Greenpeace gives polluting PC companies a smack

Greenpeace has given three computer giants a resounding “F” grade for failing to follow through on promises to reduce the toxicity of their products.

The latest edition of Greenpeace’s “Guide to Greener Electronics”, released yesterday, paid special attention to the dismal performances of Hewlett Packard, Dell and Lenovo, which all failed to improve their low scores from last year.

The three companies were each given a penalty point for backtracking on their commitments to eliminate polyvinyl chloride (PVC) and brominated flame retardants (BFRs) from their products by the end of 2009.

The report said that HP continues to lag behind other PC brands having postponed its 2007 commitment to phase out PVC and BFRs from its computer products (excluding its server and printer lines) from 2009 to 2011.

“Greenpeace takes voluntary commitments very seriously and holds companies accountable for their promises. There are no excuses for backtracking, and no reason for these companies not to have PCs free of PVC and BFRs now,” said Greenpeace New Zealand communications manager Suzette Jackson.

However, the computer companies weren’t quite the worst of the 18 tech companies surveyed; Dell came in at 13th, HP was 14th and Lenovo was 16th. Nintendo came in lasr.

Nokia remained in top spot with 7.4 points out of 10, with Samsung and Sony Ericsson catching up with 7.1 and 6.5 points respectively.
LGE, Toshiba and Motorola moved up the ranking to take 4th, 5th and 6th places.

Sony dropped down from 5th to 12th position, “as it has not kept pace with progress made by other companies, especially on e-waste recycling performance”, the report said.

Lenovo also dropped down “due to further weakening of its commitment on toxic chemicals phase-out”.

Apple won praise for its new computer lines, which are virtually free of PVC and completely BFR-free and “demonstrate the technical feasibility and supply-chain readiness of producing alternatives to these hazardous substances”.

This will surely please “An Inconvenient Truth” star Al Gore, who is on Apple’s board.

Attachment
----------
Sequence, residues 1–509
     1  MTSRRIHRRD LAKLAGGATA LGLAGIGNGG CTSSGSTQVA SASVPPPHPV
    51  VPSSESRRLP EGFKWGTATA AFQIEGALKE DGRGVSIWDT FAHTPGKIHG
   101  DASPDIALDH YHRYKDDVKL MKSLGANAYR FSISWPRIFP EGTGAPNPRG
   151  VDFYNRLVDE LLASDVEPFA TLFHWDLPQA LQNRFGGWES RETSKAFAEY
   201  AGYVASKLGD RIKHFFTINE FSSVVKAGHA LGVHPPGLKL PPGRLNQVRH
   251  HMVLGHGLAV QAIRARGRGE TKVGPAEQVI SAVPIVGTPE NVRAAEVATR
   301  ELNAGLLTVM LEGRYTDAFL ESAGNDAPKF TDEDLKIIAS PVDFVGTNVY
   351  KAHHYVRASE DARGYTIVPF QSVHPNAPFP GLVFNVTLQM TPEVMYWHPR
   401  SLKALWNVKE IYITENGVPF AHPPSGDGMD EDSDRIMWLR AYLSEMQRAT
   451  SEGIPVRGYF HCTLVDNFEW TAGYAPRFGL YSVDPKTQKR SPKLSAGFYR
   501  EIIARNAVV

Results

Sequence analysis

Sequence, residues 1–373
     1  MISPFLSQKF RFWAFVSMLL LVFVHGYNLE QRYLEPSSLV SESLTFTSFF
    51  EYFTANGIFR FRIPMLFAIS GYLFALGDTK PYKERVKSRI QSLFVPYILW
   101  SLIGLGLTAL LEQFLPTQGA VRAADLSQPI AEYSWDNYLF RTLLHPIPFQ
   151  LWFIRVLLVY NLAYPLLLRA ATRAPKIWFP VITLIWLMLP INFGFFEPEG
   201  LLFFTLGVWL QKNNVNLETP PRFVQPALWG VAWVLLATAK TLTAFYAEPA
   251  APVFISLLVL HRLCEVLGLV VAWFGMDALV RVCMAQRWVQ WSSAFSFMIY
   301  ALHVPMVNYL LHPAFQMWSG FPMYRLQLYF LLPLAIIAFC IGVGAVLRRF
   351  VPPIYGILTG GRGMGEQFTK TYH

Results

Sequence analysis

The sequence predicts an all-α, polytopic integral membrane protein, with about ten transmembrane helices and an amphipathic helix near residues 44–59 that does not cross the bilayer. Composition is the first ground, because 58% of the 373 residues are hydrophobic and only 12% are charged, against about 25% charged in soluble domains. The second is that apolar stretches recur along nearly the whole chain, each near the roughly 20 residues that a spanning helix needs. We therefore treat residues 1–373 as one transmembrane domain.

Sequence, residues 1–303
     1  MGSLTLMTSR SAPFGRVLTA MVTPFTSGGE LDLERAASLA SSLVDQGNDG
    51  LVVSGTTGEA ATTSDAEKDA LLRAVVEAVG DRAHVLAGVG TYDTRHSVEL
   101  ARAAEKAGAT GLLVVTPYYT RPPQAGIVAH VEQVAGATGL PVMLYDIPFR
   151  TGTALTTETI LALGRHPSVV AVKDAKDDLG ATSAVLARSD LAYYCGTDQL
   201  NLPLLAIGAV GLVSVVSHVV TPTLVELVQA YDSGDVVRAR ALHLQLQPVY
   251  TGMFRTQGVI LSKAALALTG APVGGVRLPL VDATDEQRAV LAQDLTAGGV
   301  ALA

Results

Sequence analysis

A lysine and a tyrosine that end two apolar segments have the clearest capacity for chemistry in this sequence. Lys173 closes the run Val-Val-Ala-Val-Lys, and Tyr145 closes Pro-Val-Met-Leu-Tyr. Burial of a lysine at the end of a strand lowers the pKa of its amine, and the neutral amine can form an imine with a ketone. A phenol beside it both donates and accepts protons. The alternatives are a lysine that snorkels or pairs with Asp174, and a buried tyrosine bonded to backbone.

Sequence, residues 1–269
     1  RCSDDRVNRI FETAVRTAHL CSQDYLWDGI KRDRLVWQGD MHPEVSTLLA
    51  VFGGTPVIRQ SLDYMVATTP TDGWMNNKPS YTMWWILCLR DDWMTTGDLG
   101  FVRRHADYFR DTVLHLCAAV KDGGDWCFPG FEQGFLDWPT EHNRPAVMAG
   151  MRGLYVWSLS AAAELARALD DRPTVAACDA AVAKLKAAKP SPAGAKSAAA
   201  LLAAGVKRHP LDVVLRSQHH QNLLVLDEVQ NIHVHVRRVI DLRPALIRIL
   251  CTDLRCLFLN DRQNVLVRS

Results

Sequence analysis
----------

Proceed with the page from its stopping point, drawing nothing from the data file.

Greenpeace has called on companies to eliminate BFRs and PVC from their product range, labeling them “harmful throughout the entire lifecycle of a product”.

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5 Comments & Questions

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Greenpeace is an activist organisation that slants issues to suit their extreme agenda. Their press releases should be given the same relevance one would give to advertorial.

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Advertorial is being generous.
They fit in somewhere between the gossip column and the horoscopes in my opinion.
Go Bjorn Lomborg!
;-)

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if you want to make a difference forget greenpeace and go seashepherd.org

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Painting Greenpeace as extreme, ignores the world wide trend is away from plastics containing halogens such as chlorine and bromine.

The ROhS took force in the European Union in 2006 and banned certain types of additives such as Polybrominated Biphenyls (PBB) as well as heavy meals like lead and mercury.

Elimination of PVC and Brominated flame retardants is a step beyond that, but a logical one because organo halogens produce nasty dioxin like chemicals when burnt.

At some time in the future, all waste will need to be recycled or degraded in some way because there will be no safe holes to bury it in. Burning or chemically degrading plastics will become necessary, so organo halogens and heavy metals are a real liability.
While Greenpeace is highlighting future areas of environmental action, I think it is better to start thinking about replacing PVC sooner than later. It gives us time to avoid expensive and rushed substitutions later on.

Remember that CFC’s and Asbestos were retained in use far too long and proved very expensive in terms of both health and money.

Check out:
http://en.wikipedia.org/wiki/Restriction_of_Hazardous_Substances_Directive

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with post #1.
Greenpeace have acted like terrorists , when they think it will get them publicity.
I don't know why news sources such as this bother to report their opinions.

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